Destructive Alienations By Nenad Dukic
by Nenad Dukic
A developed film language, a sophisticated film expression and a stylistically established approach to the film material – is something which, a few years ago, in the case of Asian film, we could have expected only from Japanese, Chinese/Taiwanese, Iranian and Indian directors. When it seemed that we would have to wait long to see the flourishing of another Asian filmmaking country, great South Korean auteurs started to appear a few years ago. However, the film of the young Malaysian director James Lee The Beautiful Washing Machine (Mei Li De Xi Zi Ji) seems to confirm once again that films of exceptional quality are no longer the privilege of only large and famous Asian filmmaking countries.
The story about Teoh, a lonely and frustrated office worker and his green second-hand washing machine, and about Mr. Wong, the father of his colleague at work, also a lonely middle-aged widower, was only Lee’s pretext for an imaginatively conceived film about alienation and the type of alienation that becomes hopelessly destructive for both main characters. In their imagination, the washing machine will become a girl who they will cool-headedly take advantage of, without the slightest intention of finding another road to overcome the psychological dead end in which they have found themselves.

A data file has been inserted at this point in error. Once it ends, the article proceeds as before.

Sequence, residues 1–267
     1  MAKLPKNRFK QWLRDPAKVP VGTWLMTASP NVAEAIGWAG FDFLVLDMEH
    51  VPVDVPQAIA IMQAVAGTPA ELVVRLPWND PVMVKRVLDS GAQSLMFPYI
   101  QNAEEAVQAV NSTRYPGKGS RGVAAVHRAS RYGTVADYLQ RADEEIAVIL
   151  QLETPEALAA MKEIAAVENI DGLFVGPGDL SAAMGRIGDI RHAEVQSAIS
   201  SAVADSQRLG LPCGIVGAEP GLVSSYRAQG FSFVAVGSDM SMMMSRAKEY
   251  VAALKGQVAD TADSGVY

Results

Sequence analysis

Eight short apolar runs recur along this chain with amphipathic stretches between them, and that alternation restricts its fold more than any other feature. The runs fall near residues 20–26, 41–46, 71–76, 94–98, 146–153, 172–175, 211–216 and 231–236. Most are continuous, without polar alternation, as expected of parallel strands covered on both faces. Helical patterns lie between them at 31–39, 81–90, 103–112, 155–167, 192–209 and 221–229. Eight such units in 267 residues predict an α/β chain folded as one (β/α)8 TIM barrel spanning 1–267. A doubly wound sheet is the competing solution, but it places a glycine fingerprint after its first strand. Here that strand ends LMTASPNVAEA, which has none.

However, the most interesting line of the film is precisely the introduction of the character of the girl. Lee, in the fashion of a skillful director, guides this thread of the film in the sense that the viewer first experiences this character on a realistic level, only later, gradually, realizing that the character is part of the main characters’ imagination. This toying with the realistic-unrealistic planes represents, actually, the intertwining of the main characters’ conscious and sub-conscious, while Lee leaves it to the viewer to discover and decipher in his own way the meaning of the girl’s character in the psychology of the two male characters. The world of these two characters is claustrophobic; a world closed to emotions, love, compassion. It is a psychological blockade which seeks and finds the only solution by toying with the subconscious. And this subconscious, in the case of the main characters, is manifested through destructiveness and sadism. Primarily in their attitude to women.
Therefore, this is a film of multi-layered and subtly presented meanings, a film with magnificent black humor, stylized in all its elements and stylistically uniform from the first to the last scene. This reduced expression, stylization, lack of dialogue and insistence on visual meanings is obviously something Lee adopted from the aesthetics of Taiwanese directors, primarily from Tsai Ming-Liang, but in an original manner.
For this kind of film it takes a special type of acting, one that implies a reduced expression and exceptional discipline. This is so because, regardless of the lack of dialogue and the insistence on visual meanings, the actors’ expression is toned down to an expression elicited by movements and mime. In this sense, Lee has managed to obtain the maximum from his actors.
The film The Beautiful Washing Machine was made in digital video and in exceptionally poor production conditions. The result is a film rich in cinematic values.